Prime lenses have several advantages over zoom lenses – they are often smaller and more compact, faster, and offer wider apertures of f/2.8, f/1.8 and f/1.4.
Larger apertures allow more light to enter the camera, which can be beneficial for photographers in a number of ways. For example, using a fast shutter speed in combination with a large aperture can help freeze motion. This becomes particularly important when shooting in low light conditions. By using a high ISO and a wide aperture, photographers can use shutter speeds that are fast enough to hand-hold the camera without needing a tripod.
Additionally, faster lenses allow more light to enter the camera, making it easier to confirm focus and resulting in sharper images.
Additionally, primes lenses are often simpler in construction than zooms. This often results in a slightly lower cost to manufacture, as well as fewer visual aberrations such as color fringing and image distortion. Ultimately, this gives you a more technically correct image than a zoom can at the extremes of its focal range.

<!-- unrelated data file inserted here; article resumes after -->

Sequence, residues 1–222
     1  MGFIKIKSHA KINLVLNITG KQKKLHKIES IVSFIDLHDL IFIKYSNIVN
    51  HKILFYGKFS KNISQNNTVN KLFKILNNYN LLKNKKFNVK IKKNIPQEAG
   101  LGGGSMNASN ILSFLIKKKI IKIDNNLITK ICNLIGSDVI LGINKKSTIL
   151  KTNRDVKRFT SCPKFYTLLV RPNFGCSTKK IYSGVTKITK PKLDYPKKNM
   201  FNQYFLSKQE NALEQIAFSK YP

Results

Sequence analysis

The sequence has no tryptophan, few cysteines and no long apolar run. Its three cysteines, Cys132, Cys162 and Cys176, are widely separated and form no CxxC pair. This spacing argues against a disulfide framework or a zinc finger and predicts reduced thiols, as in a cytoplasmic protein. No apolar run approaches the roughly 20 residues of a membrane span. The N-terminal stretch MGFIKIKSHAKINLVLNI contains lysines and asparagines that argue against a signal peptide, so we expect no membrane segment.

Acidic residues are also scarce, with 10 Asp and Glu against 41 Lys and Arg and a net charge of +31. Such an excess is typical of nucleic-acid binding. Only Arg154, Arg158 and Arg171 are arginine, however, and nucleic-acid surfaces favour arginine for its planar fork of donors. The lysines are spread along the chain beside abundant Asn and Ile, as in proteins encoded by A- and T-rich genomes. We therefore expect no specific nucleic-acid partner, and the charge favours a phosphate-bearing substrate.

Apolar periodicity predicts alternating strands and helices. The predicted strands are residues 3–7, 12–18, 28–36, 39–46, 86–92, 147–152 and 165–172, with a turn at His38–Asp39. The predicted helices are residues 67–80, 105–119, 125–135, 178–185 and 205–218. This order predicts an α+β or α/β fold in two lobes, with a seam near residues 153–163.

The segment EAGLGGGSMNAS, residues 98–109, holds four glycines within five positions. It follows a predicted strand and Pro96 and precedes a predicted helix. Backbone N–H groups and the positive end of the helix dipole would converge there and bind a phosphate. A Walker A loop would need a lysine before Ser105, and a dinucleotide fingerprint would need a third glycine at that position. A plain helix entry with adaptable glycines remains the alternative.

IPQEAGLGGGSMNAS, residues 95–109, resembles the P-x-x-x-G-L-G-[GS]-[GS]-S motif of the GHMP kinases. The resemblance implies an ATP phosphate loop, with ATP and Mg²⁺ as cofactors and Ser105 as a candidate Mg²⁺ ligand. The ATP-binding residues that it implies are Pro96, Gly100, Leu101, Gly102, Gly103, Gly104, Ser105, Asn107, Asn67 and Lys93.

A popular benefit of a prime lens is the diffused softness, or bokeh, of the blurred background in an image with shallow depth of field.
Many photographers appreciate prime lenses for their ability to encourage creativity. With a prime lens, to make your subject larger or smaller in frame, you actually have to move towards or step back from it when shooting. This encourages photographers to be more creative in their work.
When weighing the pros and cons of prime lenses versus zoom lenses, it is important to consider what type of photography you will be doing and how you work best. Prime lenses tend to require purchasing several to cover the same range as a zoom lens, but they offer stunning image quality, especially in low light. For many photographers, the speed and quality of prime lenses makes them an essential part of their kit.